Research database

This Research Database has been developed by HCPC Europe to create an overview of the available research in the field of patient-friendly and adherence packaging. The database is for all members of HCPC Europe. Members can register as a user to get access to the database. Is your organisation not a member yet? Then please register your organisation as a member or contact our Executive Director Ger Standhardt for more information.


Verpackungen von Tabletten – Eine für alle?

Eine Verpackung soll ein Produkt zunächst umhüllen, um es vor äußeren Einflüssen zu schützen. Des Weiteren transportiert sie Produktinformationen zum Endverbraucher und vermittelt Markenbotschaften sowie einen möglichen Zusatznutzen. Einige Verpackungen enthalten sogar Hilfsmittel zum Entnehmen oder Dosieren des Produkts.

Oft ist das Erscheinungsbild einer Verpackung im Regal entscheidend für Impulskäufe. Allerdings machen es manche Verpackungen dem Endverbraucher schwer, an das Produkt zu gelangen. Besonders bei empfind­lichen Anwendergruppen wie den »Silver Agern«, den Konsumenten in einem fortgeschrittenen Lebensabschnitt, kann dies zur Ablehnung des Produkts führen.


Designing and inclusive pill dispenser

‘Design for the young and you exclude the old; design for the old and you include the young.’ Through targeting weaker users, inclusive design aims to include older people and those with disabilities. This paper tackles the issue of introducing inclusive design practice to degree-level teaching. Through a final-year student project ‘Pillpunch’, it illustrates how a typical total design method (market and user needs, product design specification, conceptual design, embodiment design, detail design) coupled with user involvement throughout the design process produced an inclusive solution for dispensing medication. It concludes that inclusive design starts with a deep understanding of the target users. Inclusivity is achieved through removing or reducing task requirements to accommodate a wider range of user capabilities, whilst maintaining mainstream aesthetics. The method used in the project is typical for undergraduate projects, thus the case study can be utilized by design educators in teaching inclusive design.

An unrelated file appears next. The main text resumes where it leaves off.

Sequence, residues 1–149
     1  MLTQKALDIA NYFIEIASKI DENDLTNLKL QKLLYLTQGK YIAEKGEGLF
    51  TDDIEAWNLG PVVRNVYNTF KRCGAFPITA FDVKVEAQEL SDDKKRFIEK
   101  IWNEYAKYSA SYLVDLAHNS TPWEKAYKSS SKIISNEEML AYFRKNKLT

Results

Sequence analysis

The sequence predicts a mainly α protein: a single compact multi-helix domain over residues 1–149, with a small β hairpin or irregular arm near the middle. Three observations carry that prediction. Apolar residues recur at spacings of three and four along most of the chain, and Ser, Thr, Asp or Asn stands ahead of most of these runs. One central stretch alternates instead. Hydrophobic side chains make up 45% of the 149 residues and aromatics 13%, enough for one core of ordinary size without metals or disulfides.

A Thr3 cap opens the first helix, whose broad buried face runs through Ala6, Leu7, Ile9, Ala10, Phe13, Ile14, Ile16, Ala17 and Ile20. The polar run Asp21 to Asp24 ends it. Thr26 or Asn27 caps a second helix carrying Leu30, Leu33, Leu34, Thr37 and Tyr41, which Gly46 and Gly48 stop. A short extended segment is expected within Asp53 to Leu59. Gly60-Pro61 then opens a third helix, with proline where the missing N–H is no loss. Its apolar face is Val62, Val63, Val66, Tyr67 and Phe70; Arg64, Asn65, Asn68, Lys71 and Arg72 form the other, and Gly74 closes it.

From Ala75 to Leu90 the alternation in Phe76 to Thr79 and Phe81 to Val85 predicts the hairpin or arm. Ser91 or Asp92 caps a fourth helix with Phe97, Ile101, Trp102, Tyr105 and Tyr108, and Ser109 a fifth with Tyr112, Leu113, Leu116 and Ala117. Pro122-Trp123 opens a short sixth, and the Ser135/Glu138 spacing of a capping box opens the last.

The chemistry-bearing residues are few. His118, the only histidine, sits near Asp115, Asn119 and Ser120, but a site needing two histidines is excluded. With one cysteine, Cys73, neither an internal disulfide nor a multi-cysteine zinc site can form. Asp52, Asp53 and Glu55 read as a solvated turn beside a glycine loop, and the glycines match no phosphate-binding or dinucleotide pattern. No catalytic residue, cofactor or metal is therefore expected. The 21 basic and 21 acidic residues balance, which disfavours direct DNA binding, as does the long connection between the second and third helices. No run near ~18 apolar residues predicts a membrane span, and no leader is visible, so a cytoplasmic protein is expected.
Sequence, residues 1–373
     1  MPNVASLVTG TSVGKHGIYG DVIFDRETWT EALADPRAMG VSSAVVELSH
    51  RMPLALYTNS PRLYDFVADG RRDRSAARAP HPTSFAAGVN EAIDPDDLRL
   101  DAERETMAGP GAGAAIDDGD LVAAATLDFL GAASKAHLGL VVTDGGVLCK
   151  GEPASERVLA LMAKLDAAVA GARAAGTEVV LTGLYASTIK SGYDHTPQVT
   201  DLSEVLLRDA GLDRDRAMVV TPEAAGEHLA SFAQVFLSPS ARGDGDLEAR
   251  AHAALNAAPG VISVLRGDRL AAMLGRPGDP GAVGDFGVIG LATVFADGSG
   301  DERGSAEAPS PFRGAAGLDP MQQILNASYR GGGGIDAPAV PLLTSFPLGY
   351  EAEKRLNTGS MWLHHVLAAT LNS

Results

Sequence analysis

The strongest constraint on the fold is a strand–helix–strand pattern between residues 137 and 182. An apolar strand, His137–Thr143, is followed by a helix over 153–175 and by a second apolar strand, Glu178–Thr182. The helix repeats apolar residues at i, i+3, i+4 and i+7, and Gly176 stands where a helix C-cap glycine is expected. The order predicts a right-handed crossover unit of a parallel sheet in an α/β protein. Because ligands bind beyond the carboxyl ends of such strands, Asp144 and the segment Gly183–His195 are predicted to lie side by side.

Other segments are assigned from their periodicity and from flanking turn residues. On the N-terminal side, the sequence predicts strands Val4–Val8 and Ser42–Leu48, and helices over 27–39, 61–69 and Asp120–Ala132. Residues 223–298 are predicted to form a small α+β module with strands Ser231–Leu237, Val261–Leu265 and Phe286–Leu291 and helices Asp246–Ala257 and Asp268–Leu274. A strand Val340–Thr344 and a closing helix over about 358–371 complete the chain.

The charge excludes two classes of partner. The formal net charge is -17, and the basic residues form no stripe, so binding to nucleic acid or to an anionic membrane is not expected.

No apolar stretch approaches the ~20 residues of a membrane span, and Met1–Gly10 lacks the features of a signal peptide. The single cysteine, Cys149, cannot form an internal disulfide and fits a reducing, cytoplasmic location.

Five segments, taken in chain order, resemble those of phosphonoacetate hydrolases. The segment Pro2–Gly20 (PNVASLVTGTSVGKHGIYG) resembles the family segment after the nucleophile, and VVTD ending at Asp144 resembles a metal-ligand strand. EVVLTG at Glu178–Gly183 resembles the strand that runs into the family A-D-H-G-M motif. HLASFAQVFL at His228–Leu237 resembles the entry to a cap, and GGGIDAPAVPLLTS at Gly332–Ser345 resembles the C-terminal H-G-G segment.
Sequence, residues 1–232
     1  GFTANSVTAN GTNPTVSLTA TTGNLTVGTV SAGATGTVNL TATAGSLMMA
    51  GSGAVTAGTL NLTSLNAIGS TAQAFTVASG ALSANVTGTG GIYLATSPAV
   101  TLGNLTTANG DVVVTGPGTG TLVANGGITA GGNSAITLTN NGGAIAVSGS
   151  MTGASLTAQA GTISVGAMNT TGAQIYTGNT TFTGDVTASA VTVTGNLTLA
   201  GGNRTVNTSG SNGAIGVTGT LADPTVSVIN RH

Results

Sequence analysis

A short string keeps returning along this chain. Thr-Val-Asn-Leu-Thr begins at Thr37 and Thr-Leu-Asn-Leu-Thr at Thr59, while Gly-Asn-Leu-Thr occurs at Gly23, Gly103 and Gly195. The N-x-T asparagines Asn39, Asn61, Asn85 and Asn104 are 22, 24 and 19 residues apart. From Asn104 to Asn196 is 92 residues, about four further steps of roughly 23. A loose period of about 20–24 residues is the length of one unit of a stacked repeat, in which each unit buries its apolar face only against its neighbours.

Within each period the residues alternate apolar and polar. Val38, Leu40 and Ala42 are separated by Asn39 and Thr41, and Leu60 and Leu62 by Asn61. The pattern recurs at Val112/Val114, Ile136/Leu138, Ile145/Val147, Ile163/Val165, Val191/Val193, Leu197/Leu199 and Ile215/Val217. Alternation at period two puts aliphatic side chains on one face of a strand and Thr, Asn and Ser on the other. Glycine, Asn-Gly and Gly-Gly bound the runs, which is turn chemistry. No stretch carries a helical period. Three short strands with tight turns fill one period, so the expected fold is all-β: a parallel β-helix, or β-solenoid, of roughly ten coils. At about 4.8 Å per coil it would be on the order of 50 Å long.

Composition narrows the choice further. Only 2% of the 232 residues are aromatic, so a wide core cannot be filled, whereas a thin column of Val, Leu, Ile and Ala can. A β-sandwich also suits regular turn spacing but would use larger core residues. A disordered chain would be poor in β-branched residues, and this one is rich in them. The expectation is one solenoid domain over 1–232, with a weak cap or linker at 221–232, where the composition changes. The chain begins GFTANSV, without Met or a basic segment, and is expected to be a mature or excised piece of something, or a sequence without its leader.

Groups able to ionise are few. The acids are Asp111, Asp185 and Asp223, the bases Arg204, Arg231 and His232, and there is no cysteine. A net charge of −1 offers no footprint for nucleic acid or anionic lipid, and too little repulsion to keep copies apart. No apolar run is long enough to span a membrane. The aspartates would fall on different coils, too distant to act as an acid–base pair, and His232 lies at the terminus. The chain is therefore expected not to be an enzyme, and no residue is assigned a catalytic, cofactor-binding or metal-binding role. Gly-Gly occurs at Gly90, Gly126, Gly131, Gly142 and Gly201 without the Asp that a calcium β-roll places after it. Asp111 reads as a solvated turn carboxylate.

Adherence devices in a community sample: How are pillboxes used?

Background: Calendar-packaging devices such as pillboxes (dosettes) and blister packaging are often recommended to seniors, and are commonly used. However, little is known about how they are used. The goal of this project was to investigate how older adults in the community use calendar-packaging adherence devices.

Methods: A mail survey of a community sample was used. Analyses addressed 3 research questions. First, the respondents reported on what type of calendar packaging they used. Second, the characteristics of the individuals who used pillboxes and blister packs were compared. Third, the way in which calendar devices were used by these individuals was described.

Results: Respondents were 135 community-dwelling older adults (mean age ± standard deviation = 73 ± 9 years). The majority of respondents in the survey (75%) used a pillbox at least some of the time, while a smaller number (13%) used blister packs for at least some of their medications. Respondents who used pillboxes were taking more medications than those who did not. Few of the respondents reported using pillboxes in the recommended way. Only 11% of pillbox users used boxes with multiple slots for each day and, while the majority of respondents (93%) filled their pillboxes themselves, most of these individuals (82%) depended solely on their memory for filling the pillbox and only one individual had a second person check the pillbox for errors.

Conclusion: Although pillboxes are often recommended and are widely used, the types of pillboxes chosen and the ways in which they are used may not be optimal to ensure medication adherence.


The impact of modifying a pill dispenser on the efficacy of the medication circuit in nursing homes

Seeking safety and efficacy of medication management in nursing homes require a traceable preparation of medications dispensed in pill organizers by a pharmacist. We conducted a pilot observational study in 2 nursing homes. This first study assesses the operational and economic feasibility of replacing the 28 day mono-drug pill dispenser by the 7 day multi-drug pill dispenser, and the impact of its use on the safety of the medication circuit. In fact, the use of this type of pill dispenser faces many difficulties since all actors that handle medications have to be adapted to the complex needs of nursing homes residents, in particular the necessity to modify therapies that may threaten safety. On the other hand, the over-packaging of medication prepared by the 7 day pill dispenser seems to be feasible. Given the facts as established by this pilot study and their effects on both residents and healthcare providers, more large studies are necessary to support current standardization.